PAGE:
Meet Ashley Dudarenok, Founder at Alarice and ChoZan

“Live Commerce: the Next Big Thing in Europe” is an online event looking into the latest trends in live commerce in China and its recent developments in Europe. In view of the webinar – scheduled for 27 October – Claudia Vernotti, Director of ChinaEU, spoke with Ashley Dudarenok, Founder of China-focused social media agency Alarice and China trends watching and training company ChoZan, about the appeal of live commerce as a unique sales channel, the key differences between China and Europe in the role played by livestreaming hosts, and the opportunities for European brands looking to tap into the Chinese live commerce market.

Claudia: Live Commerce as a sector is growing rapidly and is expected to account for roughly 24.3 percent of total online sales in China by 2023. What is it about this format of online shopping that appeals so much to Chinese consumers, in particular Gen Z?

Ashley: For Chinese consumers, there are three major reasons for watching e-commerce live streaming, namely buying cost-effective products, watching intuitive and clear product presentations, and finding a way to relax. It provides consumers with an immersive experience with visibility, interactivity, authenticity, and entertainment.

As for Gen Z, the social attribute plays a key role in their lives, and live commerce is exactly tapping into their values and needs. For traditional commerce, consumers search for massive information by themselves, while live commerce is more socially guided by interacting with live streamers and viewers, catering to Gen Z’s interest in shopping while chatting, playing, and sharing.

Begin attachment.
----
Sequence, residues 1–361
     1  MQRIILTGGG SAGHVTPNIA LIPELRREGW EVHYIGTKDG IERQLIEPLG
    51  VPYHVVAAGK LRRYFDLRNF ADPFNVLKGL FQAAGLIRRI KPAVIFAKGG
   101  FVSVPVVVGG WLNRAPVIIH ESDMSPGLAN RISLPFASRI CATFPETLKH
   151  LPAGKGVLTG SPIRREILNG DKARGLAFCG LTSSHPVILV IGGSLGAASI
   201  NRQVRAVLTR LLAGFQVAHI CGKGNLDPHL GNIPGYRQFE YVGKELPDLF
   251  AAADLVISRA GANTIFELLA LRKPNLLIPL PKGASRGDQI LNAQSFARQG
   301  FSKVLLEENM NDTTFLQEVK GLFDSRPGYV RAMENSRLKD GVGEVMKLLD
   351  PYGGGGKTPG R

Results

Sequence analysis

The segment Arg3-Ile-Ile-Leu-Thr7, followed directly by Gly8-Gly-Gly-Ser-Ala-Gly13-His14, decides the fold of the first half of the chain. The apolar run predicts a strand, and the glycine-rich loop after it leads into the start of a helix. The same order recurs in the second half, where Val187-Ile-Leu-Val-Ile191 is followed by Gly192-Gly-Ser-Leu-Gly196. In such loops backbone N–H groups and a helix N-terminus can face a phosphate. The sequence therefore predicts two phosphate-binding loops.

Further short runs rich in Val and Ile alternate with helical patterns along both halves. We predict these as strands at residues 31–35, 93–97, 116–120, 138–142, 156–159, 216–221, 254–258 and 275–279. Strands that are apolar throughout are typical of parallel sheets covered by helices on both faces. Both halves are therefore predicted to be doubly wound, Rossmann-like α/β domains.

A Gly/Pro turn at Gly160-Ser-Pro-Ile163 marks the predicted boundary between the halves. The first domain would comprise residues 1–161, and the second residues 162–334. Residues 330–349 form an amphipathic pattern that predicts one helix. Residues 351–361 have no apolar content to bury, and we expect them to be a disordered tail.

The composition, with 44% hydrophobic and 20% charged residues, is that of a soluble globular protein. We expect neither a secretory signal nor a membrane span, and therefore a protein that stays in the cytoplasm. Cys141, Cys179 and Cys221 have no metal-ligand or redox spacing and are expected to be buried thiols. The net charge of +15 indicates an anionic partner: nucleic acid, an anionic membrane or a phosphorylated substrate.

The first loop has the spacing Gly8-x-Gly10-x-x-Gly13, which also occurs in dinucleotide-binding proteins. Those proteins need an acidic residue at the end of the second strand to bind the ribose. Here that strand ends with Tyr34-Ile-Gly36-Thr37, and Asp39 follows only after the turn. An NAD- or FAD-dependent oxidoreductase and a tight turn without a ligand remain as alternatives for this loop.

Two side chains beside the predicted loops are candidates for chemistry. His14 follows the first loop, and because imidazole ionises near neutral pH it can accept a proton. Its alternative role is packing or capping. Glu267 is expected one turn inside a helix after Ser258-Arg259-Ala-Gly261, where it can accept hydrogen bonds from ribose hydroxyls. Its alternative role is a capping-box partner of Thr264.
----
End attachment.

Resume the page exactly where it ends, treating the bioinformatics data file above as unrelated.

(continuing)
Claudia: Some European brands have not been very successful in trying to enter the Chinese digital retail market. What is the best strategy for aspiring European brands who want more market penetration in China?

Ashley: In order to achieve a higher market penetration rate in China, first European brands need to create awareness among Chinese consumers. In order to sell to Chinese consumers, having a presence on e-commerce platforms is not enough. They will also need to leverage the social platforms to create awareness and expand their influence and work with celebrities, KOLs and KOCs to produce short posts and launch live streaming for product recommendation, especially during the post-covid era when everyone is turning to the online world for product recommendation and purchase.

In order to achieve a higher market penetration, it is essential for them to have a better understanding of the China market and Chinese consumers. They can consider working with tech giants such as Alibaba and Tencent that have accumulated massive consumer data to gain insights for the market and consumers in China. Such data will provide information as to market trends and consumer demands and will serve as directions for product research and development, so that brands can manufacture products that cater more to the China market. Particularly, today’s China market is very segmented with many different consumer groups showing unique consumption behaviours and preferences. With these insights, brands can also develop more subdivided product categories to cover as many consumer groups as possible.